According to the Federal Aviation Administration (FAA), a drone was found on the lawn of the White House raising issues of security risks. Unauthorized aircraft is prohibited over the White House, as well as any congressional buildings and the National Mall.

The problem is that even small drones have the ability to carry small objects and cameras. Making this a real challenge is that drones are readily available and can be flown without having permission from the Federal government.

This morning, a quadcopter, which is a drone designed with four rotors that lift and steer the aircraft and measures approximately two feet in diameter, was found on the White House lawn. At this time, an investigation is underway by the Secret Service. In a statement from Josh Earnest, spokesman, there was no risk from the drone to anyone and both President and Mrs. Obama are currently in India traveling.

Former director of the Secret Service, John Magaw said that discussions have taken place for months between officials with the Secret Service, DC Metropolitan Police, US Park Police, and the Defense Department on how to prevent drones from getting near the White House or any other unauthorized target. He admitted that as far as security, this is a big problem.

One option would involve expanding patrols to areas where drones might be launched around the perimeters of the White House. There were also discussions by blocking a remote pilot’s view by adding or growing foliage or scanning the trajectory for the presence of drones by using special technology.

In addition, jamming radio frequencies between drones and remote pilots is another option being considered. As Magaw explained, jammers can be put up all around an area but it is critical to cover all applicable frequencies. Very quickly, that solution will be implemented.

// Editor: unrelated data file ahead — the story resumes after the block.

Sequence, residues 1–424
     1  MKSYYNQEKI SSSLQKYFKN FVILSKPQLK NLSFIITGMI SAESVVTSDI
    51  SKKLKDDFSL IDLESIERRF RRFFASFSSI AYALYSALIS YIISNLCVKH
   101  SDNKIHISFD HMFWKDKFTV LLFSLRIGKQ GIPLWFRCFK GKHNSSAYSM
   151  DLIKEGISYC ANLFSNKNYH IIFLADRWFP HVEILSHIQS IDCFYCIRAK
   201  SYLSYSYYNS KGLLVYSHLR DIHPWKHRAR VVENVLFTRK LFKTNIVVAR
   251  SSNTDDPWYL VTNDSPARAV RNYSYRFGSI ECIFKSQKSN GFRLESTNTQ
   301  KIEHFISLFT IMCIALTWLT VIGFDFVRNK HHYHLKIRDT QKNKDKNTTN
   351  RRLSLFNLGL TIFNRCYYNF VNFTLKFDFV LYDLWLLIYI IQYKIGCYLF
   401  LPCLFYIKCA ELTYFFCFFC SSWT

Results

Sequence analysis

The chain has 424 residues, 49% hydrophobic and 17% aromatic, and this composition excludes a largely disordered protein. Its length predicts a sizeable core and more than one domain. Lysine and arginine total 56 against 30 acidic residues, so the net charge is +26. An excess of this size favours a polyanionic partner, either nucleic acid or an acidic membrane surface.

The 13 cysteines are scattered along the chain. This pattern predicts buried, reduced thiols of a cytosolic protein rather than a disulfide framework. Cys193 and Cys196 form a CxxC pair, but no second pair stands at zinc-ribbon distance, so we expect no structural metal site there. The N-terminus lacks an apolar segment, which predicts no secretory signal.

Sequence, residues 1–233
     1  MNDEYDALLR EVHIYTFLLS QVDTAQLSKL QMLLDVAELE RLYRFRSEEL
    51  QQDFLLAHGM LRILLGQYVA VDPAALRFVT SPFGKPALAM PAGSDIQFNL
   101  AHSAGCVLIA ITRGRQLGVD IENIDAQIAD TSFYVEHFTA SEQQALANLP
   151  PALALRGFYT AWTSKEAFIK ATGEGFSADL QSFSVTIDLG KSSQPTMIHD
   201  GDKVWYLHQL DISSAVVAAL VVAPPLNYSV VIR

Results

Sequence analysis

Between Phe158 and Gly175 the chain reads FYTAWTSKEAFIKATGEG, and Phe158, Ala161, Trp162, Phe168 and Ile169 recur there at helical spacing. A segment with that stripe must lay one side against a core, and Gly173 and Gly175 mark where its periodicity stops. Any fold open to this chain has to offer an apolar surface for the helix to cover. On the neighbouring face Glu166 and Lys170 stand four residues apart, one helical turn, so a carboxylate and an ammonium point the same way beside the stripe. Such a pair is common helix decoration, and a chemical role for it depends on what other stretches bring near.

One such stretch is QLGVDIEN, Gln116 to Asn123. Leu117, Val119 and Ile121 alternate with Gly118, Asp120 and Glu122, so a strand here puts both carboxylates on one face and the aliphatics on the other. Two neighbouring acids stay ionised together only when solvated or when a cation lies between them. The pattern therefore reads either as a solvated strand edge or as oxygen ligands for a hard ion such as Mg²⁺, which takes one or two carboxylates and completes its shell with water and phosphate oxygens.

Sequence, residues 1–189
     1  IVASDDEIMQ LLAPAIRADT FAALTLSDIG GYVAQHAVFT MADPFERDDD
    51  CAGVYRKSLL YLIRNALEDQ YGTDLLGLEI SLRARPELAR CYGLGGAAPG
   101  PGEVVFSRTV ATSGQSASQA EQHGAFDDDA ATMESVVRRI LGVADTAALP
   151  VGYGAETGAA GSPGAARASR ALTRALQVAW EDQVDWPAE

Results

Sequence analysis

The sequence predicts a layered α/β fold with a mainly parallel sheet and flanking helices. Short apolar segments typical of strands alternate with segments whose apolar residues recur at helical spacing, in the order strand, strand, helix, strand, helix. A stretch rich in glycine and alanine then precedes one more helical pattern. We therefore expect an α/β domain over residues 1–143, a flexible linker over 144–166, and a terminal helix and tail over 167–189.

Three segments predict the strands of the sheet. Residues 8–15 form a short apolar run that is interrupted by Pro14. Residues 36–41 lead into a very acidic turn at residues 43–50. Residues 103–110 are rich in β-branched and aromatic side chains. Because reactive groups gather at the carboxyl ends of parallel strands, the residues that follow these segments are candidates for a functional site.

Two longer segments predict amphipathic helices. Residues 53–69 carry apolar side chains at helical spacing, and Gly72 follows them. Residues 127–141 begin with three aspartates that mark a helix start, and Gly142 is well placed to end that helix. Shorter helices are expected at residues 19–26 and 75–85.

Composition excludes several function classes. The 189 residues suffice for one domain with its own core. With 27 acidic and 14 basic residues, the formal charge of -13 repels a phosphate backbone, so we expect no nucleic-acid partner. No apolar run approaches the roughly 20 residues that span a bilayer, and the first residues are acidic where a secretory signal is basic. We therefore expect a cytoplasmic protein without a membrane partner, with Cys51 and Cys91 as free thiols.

Associate professor at Denver’s Metropolitan State University and aviation security expert Jeff Price said that the best strategy could be electronic jamming. The reason is that shooting down something as small as a drone is difficult, as well as high-risk. For that reason, some type of electronic countermeasure would be the best strategy.

From February to November of last year, close to 200 drone sightings were reported. On July 7, a person was questioned by the US Park Service after a quadcoper was flow close to the Lincoln Memorial and one day later, the pilot of a Piper P28A airplane being flown at just 2,200 feet noticed a small white drone pass about 400 to 500 feet beneath him going in the direction of the Reagan National Airport.

Then in August, the US Capitol Police stopped to question a man who was operating a drone on US Capitol grounds and in October, flying roughly 150 feet above FedEx Field was a white drone with blue and red lights. The operators of that drone was stopped and questioned by Prince George County Police in Maryland.

The drone in this morning’s incident was spotted by the Secret Service about 3:08 am. It was observed flying extremely low and then eventually crashing on the southeast side of the White House. As new rules for flying drones are being developed by the FAA, it has become apparent that enhanced security is critical.

In a statement from Anthony Foxx, Transportation Security, the agency wants people to fly model aircraft as a means of enjoying a hobby but this has to be done in a safe manner. Because the Department of Transportation believes the responsibility is shared, more information is being provided so people will know exactly what is expected when flying small aircraft to include drones.

Although a man came forward claiming responsibility for the drone crash on the White House lawn, saying it was an unfortunate accident, further investigation is being done to confirm his story.